Photo: McLaren

Alonso Rules Out 2019 IndyCar Campaign, Still Targeting Indy 500

By Joey Barnes, Editor-in-Chief

AUSTIN, Texas – Fernando Alonso will not be participating in the full Verizon IndyCar Series schedule in 2019. However, he is still pursuing a return to the series’ iconic crown jewel race, the Indianapolis 500.

The 37-year-old Spaniard shared the confirmation following Formula One qualifying for the United States Grand Prix at Circuit of the Americas.

“In the summertime I was thinking about it, but it was always linked with the team and McLaren. We talked a lot at the beginning of the year what were the plans were for F1,” Alonso said.

“I always tried to share my thoughts with the team. Then eventually it came into my mind that it was the time now to stop Formula One, so they were the first ones to know. At least they had time to make whatever plans they were thinking for the future.

“Then it was the same with IndyCar. I had it in my mind that maybe I could do IndyCar or the Indy 500 or something to plan for next year. They were doing similar observations and thoughts about the future of the team, so we were talking and linked all the time.”

Global interest picked up after he revealed in August his intention to leave Formula One at the end of the 2018 campaign, with many wondering if there would be a full commitment to chase the Astor Cup Trophy in North America’s premier open wheel championship. Although he even tested an Indy car prepared by Andretti Autosport at Barber Motorsports Park last month, the pieces simply didn’t fall into place.

The biggest reason for Alonso comes after a grueling 21-race schedule in Formula One, which is added to by current commitments to run the second half of the FIA World Endurance Championship with Toyota Gazoo Racing – the same team Alonso captured the 24 Hours of Le Mans with in June.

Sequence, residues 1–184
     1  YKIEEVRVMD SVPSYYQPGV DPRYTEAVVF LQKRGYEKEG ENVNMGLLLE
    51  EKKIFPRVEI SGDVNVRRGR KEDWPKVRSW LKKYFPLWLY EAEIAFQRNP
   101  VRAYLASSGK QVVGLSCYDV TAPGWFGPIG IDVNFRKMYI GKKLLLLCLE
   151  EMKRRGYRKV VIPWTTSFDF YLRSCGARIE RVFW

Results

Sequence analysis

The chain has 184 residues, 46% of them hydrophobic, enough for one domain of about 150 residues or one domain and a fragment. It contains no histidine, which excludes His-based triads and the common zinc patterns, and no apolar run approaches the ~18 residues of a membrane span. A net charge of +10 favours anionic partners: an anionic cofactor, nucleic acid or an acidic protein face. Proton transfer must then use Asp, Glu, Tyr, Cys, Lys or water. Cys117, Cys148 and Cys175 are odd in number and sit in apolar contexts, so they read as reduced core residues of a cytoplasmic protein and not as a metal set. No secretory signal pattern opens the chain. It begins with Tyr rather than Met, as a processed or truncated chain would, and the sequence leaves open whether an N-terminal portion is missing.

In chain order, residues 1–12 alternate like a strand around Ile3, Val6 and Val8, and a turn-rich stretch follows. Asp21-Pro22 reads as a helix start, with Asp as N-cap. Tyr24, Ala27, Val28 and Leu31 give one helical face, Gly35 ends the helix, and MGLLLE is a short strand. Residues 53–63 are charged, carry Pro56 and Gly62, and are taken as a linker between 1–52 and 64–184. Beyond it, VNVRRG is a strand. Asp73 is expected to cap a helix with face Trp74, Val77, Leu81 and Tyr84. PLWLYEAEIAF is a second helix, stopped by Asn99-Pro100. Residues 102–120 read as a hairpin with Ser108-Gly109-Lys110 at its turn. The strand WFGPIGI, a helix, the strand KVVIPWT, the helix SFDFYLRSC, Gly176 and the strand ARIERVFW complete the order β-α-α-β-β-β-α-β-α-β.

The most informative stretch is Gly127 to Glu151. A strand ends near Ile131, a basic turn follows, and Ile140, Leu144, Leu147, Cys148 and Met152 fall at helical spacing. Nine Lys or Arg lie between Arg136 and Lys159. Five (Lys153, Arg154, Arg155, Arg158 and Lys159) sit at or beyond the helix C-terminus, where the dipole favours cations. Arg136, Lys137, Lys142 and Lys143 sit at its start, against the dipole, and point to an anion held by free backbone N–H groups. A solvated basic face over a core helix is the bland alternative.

“Eventually, one day, in my case, I thought it was too demanding next year,” he said. “I don’t know about in the future, but next year the commitment of the 17 races, it was too much. That dedication and that amount of work that you need to put into that series to be competitive, starting from zero, I felt it was too much and I shared that with the team.”

The announcement comes a day after McLaren CEO Zak Brown admitted his team were “simply not ready” to commit to a full-time effort in IndyCar next year, but are still hoping to be involved for a possible one-off at the Indianapolis 500. Alonso insisted the two decisions “were made independently.”

In May 2017, Alonso traded the scenic Monaco Grand Prix for the Brickyard and a shot at the Indianapolis 500. The opportunity came in a collaborated effort from McLaren and Andretti Autosport, which saw him pilot the No. 29 McLaren-Honda-Andretti Honda.

Ultimately, he qualified fifth and led 27 laps before a mechanical failure brought retirement just 21 laps from the finish and a heartbreaking 24th-place result. Even still, the overall performance from the month of May festivities blended with performance in the race was enough to warrant top rookie honors in “The Greatest Spectacle in Racing.”

With victories at both Monaco and Le Mans, Alonso only needs an Indy 500 victory to join the legendary Graham Hill as the only drivers to complete the famed Triple Crown.

For that reason alone, Alonso adamant about a return to the 2.5-mile superspeedway next year for the 103rd edition of the Indy 500 of is “a possibility.”

“I would love to do it, to be honest,” he said. “It’s a race that was magic last year and it still has the biggest appeal for me, especially now after winning Le Mans.

“It’s only one step away from the Triple Crown and I would love to do it. I don’t know if it’s going to be next year or in the future but it is part of the project of next year’s calendar.”

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Joey Barnes is the Founder and Editor-in-Chief of Motorsports Tribune. He has covered auto racing since 2013 that has spanned from Formula 1 to NASCAR, with coverage on IndyCar. Additionally, his work has appeared on Racer, IndyCar.com and Autoweek magazine. In 2017, he was recognized with an award in Spot News Writing by the National Motorsports Press Association.